The M&A market is facing challenges after a stunning 2021, but deals continue to be done and investor relations, governance and corporate development officials met at the Corporate Secretary and IR Magazine M&A Forum in New York last week to share insights on how to do deals and maintain value amid the headwinds.
Dealmaking bounced back in 2021 having been largely frozen out by the Covid-19 pandemic in 2020. This year – and going into 2023 – such activity faces difficulties arising from economic concerns, inflation, supply-chain problems and instability due to the war in Ukraine, among other things.
But speakers at the forum noted there are still opportunities. Alexander Fries, director of corporate development at Progress, told attendees there are a lot of private companies with excellent customers and employees that have raised money and now have to decide whether to sell, particularly with the cost of borrowing on the rise.
Fellow panelist Colin Murray, vice president of investor relations with PBF Energy, said there has been a turnaround in the energy industry over the past 12 months, depending on deal specifics. He also noted that companies are trying to dispose of assets worth billions of dollars and finding it difficult, even with much lower valuations.
Michael Miller, executive vice president of corporate development and affairs and chief legal officer with Barnes & Noble Education, commented that in anticipation of a return to M&A activity, it is good governance and stewardship for a company to look at all of its assets and make sure it is in good shape.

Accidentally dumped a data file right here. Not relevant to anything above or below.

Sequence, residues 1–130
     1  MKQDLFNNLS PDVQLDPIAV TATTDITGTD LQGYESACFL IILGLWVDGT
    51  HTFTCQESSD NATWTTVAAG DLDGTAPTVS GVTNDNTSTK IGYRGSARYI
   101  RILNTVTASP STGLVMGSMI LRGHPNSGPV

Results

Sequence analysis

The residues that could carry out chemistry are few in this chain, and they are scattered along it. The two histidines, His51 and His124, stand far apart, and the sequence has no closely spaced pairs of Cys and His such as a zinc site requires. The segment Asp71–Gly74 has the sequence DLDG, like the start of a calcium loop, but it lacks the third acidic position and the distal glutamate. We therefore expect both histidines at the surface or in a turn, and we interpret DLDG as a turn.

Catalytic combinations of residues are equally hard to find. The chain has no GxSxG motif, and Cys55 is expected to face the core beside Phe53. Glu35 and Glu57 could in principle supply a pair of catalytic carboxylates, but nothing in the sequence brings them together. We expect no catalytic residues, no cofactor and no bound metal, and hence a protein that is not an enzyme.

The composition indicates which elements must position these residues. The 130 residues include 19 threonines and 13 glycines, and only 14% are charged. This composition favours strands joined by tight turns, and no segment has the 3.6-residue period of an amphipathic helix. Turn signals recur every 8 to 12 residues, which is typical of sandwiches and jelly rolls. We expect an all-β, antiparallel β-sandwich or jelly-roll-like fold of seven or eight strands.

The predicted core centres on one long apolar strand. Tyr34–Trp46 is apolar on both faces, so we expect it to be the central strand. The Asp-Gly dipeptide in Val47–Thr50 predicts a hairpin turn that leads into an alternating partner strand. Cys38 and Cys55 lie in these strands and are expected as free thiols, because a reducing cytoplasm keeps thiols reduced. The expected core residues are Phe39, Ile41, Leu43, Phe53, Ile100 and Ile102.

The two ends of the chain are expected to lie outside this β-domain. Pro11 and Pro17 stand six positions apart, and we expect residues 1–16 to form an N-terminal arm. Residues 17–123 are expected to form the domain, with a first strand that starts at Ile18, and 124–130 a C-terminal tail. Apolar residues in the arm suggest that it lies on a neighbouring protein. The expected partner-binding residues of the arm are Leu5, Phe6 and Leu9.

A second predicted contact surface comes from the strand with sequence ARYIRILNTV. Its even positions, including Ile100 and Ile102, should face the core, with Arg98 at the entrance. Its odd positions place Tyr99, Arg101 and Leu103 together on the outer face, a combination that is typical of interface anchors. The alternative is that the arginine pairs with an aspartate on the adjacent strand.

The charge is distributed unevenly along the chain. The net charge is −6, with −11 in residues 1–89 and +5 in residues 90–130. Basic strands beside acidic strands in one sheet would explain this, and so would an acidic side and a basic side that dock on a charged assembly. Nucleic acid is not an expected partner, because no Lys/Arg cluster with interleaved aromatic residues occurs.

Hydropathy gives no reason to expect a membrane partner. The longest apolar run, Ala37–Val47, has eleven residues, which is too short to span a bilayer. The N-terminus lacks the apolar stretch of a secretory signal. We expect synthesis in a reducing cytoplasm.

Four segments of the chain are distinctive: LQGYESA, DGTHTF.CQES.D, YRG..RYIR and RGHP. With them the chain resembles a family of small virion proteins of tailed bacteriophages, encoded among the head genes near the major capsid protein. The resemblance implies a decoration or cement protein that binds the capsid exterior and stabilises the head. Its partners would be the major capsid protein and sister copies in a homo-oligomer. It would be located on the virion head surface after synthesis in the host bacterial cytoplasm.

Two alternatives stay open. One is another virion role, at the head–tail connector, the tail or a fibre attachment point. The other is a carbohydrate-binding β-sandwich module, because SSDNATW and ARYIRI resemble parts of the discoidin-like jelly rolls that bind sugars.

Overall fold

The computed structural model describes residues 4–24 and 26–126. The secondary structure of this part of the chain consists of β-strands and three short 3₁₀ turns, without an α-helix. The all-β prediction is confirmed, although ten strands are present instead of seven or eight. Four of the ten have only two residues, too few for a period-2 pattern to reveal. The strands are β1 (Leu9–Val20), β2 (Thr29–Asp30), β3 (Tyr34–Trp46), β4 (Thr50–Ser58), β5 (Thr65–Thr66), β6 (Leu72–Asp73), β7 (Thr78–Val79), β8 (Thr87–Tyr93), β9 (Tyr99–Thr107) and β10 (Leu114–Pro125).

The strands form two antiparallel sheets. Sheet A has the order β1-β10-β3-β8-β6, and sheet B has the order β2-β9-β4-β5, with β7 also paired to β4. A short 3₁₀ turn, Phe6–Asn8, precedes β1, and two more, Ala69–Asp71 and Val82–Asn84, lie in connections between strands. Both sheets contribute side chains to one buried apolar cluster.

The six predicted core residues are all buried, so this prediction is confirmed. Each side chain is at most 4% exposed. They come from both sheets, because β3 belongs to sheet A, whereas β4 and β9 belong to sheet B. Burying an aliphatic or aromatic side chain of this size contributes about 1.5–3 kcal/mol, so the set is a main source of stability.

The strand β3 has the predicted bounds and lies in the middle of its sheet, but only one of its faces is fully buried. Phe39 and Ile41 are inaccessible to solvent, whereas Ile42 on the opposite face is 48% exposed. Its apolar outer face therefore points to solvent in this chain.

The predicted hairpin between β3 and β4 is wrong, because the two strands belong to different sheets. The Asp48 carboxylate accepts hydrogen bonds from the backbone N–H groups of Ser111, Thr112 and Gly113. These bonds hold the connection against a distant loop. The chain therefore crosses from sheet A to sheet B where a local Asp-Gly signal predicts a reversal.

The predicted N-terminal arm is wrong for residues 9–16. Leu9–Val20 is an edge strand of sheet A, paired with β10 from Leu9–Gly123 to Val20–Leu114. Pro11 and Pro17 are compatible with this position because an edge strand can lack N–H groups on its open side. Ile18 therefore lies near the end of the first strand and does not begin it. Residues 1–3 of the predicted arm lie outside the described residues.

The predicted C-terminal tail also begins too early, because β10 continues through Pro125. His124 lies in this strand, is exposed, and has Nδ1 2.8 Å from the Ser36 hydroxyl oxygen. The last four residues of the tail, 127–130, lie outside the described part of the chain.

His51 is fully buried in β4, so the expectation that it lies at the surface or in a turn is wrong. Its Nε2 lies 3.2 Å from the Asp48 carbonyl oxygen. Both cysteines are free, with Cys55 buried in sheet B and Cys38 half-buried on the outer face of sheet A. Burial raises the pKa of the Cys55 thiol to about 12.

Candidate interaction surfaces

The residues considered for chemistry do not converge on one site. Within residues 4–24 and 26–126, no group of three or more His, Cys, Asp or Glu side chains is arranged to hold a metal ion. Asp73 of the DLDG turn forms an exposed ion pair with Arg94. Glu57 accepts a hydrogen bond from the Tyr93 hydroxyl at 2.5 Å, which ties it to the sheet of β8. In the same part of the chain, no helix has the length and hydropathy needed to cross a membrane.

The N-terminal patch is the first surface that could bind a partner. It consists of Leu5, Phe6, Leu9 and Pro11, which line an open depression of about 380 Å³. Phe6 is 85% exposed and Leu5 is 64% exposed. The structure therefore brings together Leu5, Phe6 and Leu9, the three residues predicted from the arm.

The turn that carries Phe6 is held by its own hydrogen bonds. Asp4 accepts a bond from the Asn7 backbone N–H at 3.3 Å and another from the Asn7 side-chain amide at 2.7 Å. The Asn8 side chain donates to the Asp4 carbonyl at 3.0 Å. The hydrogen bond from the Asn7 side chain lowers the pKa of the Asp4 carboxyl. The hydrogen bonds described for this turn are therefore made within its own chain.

Looking ahead, Murray predicted that markets are more likely to stabilize in 2023 and, if so, there may be more M&A. Miller and Wade both predicted that the remainder of 2022 will be quiet, with Miller expressing confidence that activity will increase next year as people ‘dig back in’.
Abby Roberts, senior director with Datasite Insights, said people involved in deals are taking more time to complete due diligence amid greater care being taken on risks, including those related to supply chains and ESG.
Deal rooms are usually at the core of due diligence work. Matthew Warner, counsel with Clifford Chance, told attendees that once physical deal rooms became a thing of the past he had expected AI to take over, but that clients are often uncomfortable relinquishing control to the technology. That being said, he expects AI to become more important.
Fellow panelist Kevin Knupp, vice president of corporate development at Booking Holdings, commented that it’s important to ‘meet people where they live’ in terms of using the same technology they already use if they aren’t in corporate development as their day jobs.
Among other panels at the forum, Mike Verrechia, managing director of the M&A and activism advisory group at Morrow Sodali, emphasized the importance for companies of engaging with all of their shareholders – including retail and index investors – to articulate deal value. Issuers should also show that they are listening by acting on what they are told, when necessary. If the first time a company seeks out its retail shareholders is when it is facing a closely contested vote, ‘you’re already behind the eight-ball,’ Verrechia said.